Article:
The management of Stallion Group announced on Sunday that its made-in-Nigeria range of Hyundai vehicles manufactured and assembled locally are ready for sale at affordable prices.
This is coming one month after the Stallion Group, which operates a multivehicle assembly plant, said it had begun locally produced Hyundai range of vehicles, after inaugurating and rolling out the first set of made-in-Nigeria Nissan automobiles in April.
The investment, in line with the Federal Government’s automotive policy initiative driven by the Federal Ministry of Industry, Trade and Investment, according to Stallion Chairman, Sunil Vaswani, is to give Nigerians a break from the stranglehold of wholesale vehicle importers.
Some of the Hyundai passenger cars for sale at between N1.5 and N1.9 million, Stallion Group added, “are i10, Grand, Accent, Elantra and iX35, while in the truck and bus segments, the 10-tonne HD160, seven-tonne HD 120, five-tonne HD78 and three-tonne HD65 as well as 28+1 seater Hyundai County bus and 30-seater Stallion County bus are now being supplied to the market.”
The group announced, specifically the starting price of N1.594 million for the Hyundai i10 and N1.990 million for the Grand, urging customers to take advantage of the price and drive a certified made-in-Nigeria Hyundai car.
Hyundai Motors Nigeria Limited’s plant Managing Director, Tokunbo Aromolaran, said the vehicles are certified to the world’s highest automotive operating standard – ISO/TS 16949.
This is an assurance that they are of the “highest automotive operating standard in the world and its benefits include improved quality processes at the facility along with streaming supply chains both leading to a better overall product”, he explained.
According to him, the plant had supported its ambitious growth plans by prioritising the need for a faster and more efficient environment to facilitate concurrent product development and support a rapidly changing requirement for a vehicle programme, Aromolaran added.
He stressed: “Today, we are glad to inform Nigerians that we have delivered
on our promise to make available affordably priced vehicles – thanks to strong-willed President Goodluck Ebele Jonathan and the indefatigable supervisory roles of the Federal Ministry of Industry, Trade and Investment headed by Dr. Olusegun Aganga.”
The first phase of delivery, which has already begun, he continued, establishes a system of record for the complete vehicle programme, which will gradually be expanded to meet the ever-increasing demands for functional vehicles in Nigeria.
“Prospective customers can now walk into any of our dealership showrooms nationwide to buy value-driven made-in-Nigeria Hyundai certified vehicles.
“Hyundai i10, Grand, Xcent and Elantra are elegantly crafted functional cars with eye-popping styling, good fuel economy, and fantastic driving experience with modest starting price that is affordable to every desiring buyer,” Aromolaran assured.
Group Managing Director, Stallion Automobile Division, Parvir Singh, who received the made-in-Nigeria Hyundai vehicles on behalf of the sale & marketing division of Hyundai Motors Nigeria, described the achievement as a milestone in the history of Nigeria’s automotive industry.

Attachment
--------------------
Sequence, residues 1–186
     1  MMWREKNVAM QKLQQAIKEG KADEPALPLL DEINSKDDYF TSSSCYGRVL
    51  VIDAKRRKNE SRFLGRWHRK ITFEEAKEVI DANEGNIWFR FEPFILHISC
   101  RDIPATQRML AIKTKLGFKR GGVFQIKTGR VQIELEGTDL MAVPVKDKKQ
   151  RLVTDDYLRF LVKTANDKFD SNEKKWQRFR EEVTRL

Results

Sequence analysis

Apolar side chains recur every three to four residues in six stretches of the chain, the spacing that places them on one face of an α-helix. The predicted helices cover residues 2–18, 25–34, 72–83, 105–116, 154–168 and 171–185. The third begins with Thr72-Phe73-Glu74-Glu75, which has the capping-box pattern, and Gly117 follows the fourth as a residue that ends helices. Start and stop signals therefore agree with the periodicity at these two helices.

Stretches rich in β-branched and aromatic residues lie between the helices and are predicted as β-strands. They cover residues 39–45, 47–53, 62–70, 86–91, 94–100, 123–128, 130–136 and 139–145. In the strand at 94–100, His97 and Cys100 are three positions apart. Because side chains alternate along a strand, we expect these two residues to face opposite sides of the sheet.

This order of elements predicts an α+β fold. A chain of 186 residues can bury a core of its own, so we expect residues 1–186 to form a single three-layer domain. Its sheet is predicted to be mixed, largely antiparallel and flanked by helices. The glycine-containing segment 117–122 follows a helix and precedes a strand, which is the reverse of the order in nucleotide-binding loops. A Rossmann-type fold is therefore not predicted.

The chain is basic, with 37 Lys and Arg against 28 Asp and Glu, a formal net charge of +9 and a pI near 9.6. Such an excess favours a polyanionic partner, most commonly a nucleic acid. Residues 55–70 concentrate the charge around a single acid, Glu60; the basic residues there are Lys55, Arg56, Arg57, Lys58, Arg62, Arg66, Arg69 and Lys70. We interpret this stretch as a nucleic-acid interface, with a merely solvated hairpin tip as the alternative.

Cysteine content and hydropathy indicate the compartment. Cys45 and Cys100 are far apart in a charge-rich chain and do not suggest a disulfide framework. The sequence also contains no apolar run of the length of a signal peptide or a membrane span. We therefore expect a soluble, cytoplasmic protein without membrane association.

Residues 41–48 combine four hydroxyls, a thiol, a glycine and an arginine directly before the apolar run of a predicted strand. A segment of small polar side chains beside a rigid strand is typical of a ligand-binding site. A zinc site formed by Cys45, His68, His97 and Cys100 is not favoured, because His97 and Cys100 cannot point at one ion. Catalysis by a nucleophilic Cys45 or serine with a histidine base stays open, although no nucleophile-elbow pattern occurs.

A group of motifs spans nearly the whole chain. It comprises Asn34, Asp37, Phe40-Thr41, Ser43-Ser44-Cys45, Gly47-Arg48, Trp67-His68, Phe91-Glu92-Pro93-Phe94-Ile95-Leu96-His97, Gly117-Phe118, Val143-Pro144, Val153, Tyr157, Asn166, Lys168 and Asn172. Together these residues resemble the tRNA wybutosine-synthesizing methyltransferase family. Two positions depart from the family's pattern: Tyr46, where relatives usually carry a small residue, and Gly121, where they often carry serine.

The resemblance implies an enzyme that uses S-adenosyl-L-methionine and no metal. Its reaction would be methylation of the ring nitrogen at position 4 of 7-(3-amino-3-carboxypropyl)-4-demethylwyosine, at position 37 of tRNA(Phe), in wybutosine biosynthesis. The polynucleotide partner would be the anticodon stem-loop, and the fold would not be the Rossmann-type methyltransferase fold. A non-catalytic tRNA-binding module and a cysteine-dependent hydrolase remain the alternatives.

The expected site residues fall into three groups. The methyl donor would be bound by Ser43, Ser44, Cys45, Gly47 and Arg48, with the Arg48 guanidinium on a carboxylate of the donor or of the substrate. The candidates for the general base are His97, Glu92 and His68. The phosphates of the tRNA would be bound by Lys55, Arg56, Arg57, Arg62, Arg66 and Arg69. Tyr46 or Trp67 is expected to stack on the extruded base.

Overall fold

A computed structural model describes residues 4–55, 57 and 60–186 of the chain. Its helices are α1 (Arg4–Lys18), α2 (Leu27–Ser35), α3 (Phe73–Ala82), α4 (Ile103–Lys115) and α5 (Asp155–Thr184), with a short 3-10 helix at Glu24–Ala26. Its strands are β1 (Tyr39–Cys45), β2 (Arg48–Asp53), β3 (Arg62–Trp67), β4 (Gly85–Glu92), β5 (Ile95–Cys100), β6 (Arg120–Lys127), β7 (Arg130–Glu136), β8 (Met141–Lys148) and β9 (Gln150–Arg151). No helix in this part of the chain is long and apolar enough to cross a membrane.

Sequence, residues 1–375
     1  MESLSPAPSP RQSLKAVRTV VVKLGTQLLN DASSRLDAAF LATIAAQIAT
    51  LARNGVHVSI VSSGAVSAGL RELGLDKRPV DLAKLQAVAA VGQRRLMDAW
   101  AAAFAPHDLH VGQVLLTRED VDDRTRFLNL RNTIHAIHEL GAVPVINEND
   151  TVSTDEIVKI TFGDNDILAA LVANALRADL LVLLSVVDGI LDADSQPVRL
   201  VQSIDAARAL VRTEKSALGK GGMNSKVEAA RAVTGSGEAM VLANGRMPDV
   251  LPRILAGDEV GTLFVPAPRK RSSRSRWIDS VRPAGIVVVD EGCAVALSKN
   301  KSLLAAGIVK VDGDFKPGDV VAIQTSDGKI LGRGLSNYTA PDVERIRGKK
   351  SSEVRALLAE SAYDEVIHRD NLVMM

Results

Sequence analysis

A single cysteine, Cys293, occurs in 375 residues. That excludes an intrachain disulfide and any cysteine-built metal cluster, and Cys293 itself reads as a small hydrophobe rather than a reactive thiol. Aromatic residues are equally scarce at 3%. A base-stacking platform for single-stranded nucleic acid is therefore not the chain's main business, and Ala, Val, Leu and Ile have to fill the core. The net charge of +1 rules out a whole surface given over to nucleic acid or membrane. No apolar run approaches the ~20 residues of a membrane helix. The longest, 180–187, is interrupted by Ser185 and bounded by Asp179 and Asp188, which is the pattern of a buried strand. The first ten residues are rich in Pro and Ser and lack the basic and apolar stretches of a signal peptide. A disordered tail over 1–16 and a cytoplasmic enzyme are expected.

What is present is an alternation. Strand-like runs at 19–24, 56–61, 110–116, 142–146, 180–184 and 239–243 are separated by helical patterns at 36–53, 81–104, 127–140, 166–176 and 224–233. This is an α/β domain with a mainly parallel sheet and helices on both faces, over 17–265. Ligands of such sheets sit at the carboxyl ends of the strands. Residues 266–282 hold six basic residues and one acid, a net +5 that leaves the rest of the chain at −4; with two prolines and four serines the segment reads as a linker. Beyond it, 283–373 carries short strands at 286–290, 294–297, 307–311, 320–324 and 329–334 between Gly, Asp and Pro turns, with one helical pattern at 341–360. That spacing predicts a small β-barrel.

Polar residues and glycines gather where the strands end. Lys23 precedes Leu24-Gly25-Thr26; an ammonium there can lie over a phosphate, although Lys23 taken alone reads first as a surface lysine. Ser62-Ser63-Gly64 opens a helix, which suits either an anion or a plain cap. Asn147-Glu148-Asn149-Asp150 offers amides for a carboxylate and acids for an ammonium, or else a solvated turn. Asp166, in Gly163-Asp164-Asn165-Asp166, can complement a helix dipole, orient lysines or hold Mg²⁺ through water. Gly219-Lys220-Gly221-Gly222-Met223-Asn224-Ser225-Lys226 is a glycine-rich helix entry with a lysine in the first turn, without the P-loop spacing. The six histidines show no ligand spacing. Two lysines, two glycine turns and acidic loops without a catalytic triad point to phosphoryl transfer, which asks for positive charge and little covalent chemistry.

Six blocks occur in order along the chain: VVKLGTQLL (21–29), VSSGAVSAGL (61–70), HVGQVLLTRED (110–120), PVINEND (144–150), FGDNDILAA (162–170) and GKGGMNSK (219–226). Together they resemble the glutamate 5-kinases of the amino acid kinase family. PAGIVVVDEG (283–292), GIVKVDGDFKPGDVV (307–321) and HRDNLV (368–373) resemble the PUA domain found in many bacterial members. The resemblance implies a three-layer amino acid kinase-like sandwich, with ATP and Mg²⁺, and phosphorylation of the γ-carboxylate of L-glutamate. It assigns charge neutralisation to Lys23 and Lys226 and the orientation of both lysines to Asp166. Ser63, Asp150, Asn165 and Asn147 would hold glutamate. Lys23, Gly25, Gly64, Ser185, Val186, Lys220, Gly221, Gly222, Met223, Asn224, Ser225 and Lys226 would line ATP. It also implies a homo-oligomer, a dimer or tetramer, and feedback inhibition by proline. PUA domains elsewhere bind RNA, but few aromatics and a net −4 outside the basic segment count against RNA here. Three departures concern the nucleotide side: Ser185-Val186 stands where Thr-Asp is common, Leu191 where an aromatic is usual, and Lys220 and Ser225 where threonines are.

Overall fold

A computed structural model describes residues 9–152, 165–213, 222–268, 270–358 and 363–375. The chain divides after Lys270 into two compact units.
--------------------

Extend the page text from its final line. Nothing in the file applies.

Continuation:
The company’s dealers in Lagos, Warri, Asaba, Anambra and Abakaliki, the statement said, have also commended the initiative, expected to expand customers’ options of owning vehicles of below N2 million range.
Speaking at a media parley after meeting the National Association of Automobile Manufacturers (NAMA) comprising 14 vehicle manufacturers like Innosons based in Nnewi, Anambra State; Peugeot Automobile Nigeria (Kaduna); Leyland (Ibadan, Oyo State), as well as other global car manufacturing brands that have already started local assembly of their various products, Aganga said there are ongoing discussions to ensure that Nigerians obtain loans at the rate of about 10 per cent to enable the buy the vehicles, over a four-year term.
“The Federal Government is not creating a pool of funds, but encouraging banks to buy-in, and we are working with them to reduce the interest rate and they have agreed.
“Government has brought the rate down close to about 10 per cent. The pool of funds can be as big as (the banks) want it, based on commercial consideration,” he added.
He said 14 vehicle assembly plant owners are involved in the new efforts, and would pay zero duty when importing Completely Knocked Down (CKD) parts, while the first type of semi-CKD is to attract 5 per cent duty; and the second grade – 10 per cent.
This, he continued, brings the blended rate for the new, CDK and both classes of semi-CKDs to about 20 per cent.
The idea of the automotive policy, he stressed repeatedly, is to ensure affordable cars and vehicles in the country.
He challenged all auto manufacturers to “prioritise affordability.”
Already, Director-General of Industrial Training Fund (ITF), Juliet Chukkas-Onaeko, said recently that as part of supporting the automotive policy, the Fund is setting up vehicle spare-parts production centres in Lagos, the South-East and North-East geo-political zones.
Fielding questions recently also, Chief Executive of the Bank of Industry (BoI), Rasheed Olaoluwa, spoke of a desire to fund local vehicle assembly plants and others “looking at manufacturing vehicle components locally, rather than importing them”.
“These are people we are discussing with, and we can finance the local manufacturing of some of the car components” as part of participating in the value-chain, he assured.